We avoid action out of fear. Fear of failing, fear of success, fear of rejection, fear of ruffling feathers, fear of looking foolish, or fear that we will be exposed for not being as smart as people think we are. And so our fears drive us to hang on to the hope that if we procrastinate long enough, our misgivings will magically evaporate—and be replaced with a new-found sense of clarity about the steps we need to take, the courage to take them and the confidence to overcome whatever obstacles we meet along the way.

Sadly, the opposite is true. The longer we put off taking action, the more apprehensive we become. Our inability to move forward weighs heavily on our minds and hearts, both consciously and subconsciously.

When fear isn't the issue, difficulty regulating our emotions often is. Freud said that we are guided by the pleasure principle. Let's face it: We all like to have fun, and it's hard to do something we don't want to do. We avoid the unpleasant tasks because we want to feel good. Making ourselves feel good in the short term simply takes precedence over our long-term goals.

The good news is that procrastinators are made and not born. It's a learned behavior, and what's learned can be unlearned. When we understand what's behind the behavior and employ deliberate strategies to manage it, we can avoid becoming our own worst enemies.

The 11th-hour producer

Consider the case of Mark, whom I coach—a young and promising producer. Mark tops the leader board when it comes to identifying new business opportunities, getting in the door and building relationships. But when it comes to organizing a submission and proposal on a new piece a business, he is the worst of the agency's six producers. Mark's submissions always come in at the 11th hour. They are sloppy and missing key pieces of information. The agency support staff always complains that there is never enough time to properly market his accounts. Mark's accounts seldom get the agency's best effort and, as a result, he loses a high percentage of deals he could probably close.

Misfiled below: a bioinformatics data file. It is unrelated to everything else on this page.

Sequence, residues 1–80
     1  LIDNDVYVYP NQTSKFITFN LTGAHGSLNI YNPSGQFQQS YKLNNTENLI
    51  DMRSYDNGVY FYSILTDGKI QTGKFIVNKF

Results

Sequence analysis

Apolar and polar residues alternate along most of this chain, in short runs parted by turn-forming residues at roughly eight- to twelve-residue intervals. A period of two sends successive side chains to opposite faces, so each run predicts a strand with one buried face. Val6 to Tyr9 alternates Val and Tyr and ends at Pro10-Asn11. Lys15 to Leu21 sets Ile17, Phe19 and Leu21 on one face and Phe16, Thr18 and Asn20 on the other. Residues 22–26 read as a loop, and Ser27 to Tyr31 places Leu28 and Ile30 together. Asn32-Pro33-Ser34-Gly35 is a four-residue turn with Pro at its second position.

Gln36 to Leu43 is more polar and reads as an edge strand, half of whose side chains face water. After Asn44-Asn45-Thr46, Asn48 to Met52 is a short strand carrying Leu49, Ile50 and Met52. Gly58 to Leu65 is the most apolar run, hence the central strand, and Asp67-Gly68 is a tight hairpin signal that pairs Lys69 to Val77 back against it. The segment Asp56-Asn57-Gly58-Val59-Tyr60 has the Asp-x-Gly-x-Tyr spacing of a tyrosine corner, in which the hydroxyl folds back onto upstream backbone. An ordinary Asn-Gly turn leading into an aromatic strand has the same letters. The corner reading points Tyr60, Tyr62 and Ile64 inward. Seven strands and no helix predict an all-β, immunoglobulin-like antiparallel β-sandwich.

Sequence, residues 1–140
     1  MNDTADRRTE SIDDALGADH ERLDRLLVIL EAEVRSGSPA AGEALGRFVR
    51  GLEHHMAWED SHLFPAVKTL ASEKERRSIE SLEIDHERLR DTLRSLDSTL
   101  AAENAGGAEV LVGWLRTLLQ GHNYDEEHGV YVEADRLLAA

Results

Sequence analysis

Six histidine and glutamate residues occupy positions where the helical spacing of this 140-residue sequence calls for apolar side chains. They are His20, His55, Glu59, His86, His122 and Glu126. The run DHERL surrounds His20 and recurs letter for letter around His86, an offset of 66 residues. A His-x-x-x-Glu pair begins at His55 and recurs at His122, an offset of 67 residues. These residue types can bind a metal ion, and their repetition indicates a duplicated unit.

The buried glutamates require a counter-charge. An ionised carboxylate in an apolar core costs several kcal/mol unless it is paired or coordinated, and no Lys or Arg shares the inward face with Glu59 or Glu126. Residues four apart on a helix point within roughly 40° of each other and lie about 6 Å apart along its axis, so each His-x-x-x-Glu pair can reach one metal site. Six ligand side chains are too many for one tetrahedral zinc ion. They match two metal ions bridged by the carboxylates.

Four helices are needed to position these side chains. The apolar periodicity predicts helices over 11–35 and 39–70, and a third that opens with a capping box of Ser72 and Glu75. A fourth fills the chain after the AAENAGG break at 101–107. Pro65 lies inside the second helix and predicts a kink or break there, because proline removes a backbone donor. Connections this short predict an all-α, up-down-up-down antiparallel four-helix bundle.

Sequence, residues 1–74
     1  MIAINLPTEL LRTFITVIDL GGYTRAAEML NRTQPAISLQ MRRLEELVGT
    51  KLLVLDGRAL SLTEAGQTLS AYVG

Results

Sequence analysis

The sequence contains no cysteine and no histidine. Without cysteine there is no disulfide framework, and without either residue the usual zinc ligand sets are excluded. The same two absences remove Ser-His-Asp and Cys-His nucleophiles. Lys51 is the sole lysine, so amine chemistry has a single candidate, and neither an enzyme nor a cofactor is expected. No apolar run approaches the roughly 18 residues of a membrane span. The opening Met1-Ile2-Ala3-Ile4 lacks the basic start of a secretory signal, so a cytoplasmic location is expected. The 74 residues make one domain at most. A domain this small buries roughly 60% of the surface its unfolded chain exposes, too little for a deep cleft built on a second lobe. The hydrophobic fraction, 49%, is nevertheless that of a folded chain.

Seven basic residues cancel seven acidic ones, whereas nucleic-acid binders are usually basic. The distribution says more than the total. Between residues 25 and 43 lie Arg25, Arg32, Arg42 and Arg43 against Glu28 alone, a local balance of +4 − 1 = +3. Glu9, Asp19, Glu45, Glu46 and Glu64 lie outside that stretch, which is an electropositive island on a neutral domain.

Mark's late submissions aren't about poor time management. He knows how much time the process takes; he just hates that part of his job and puts it off as long as he can. Like most procrastinators, Mark is great at lying to himself. He protects his sense of self by saying the paperwork is not important; he can get by on his winning personality and being fast on his feet. He tells himself that he'll feel more like doing his applications tomorrow and that he works best under pressure. The reality is the urge never comes and he doesn't do his best work under pressure.

The fix

Procrastinators who avoid necessary tasks simply because they don't like doing them benefit from having structured interim deadlines rather than being left to their own devices. New research indicates that how a manager sets deadlines has a profound effect on the timeliness and accuracy of employees' work product. Researchers Klaus Wertenbroch and Dan Ariely conducted a series of experiments in which they asked participants to perform tasks under different deadline scenarios. In one experiment, three groups of people were asked to complete a complex proofreading assignment.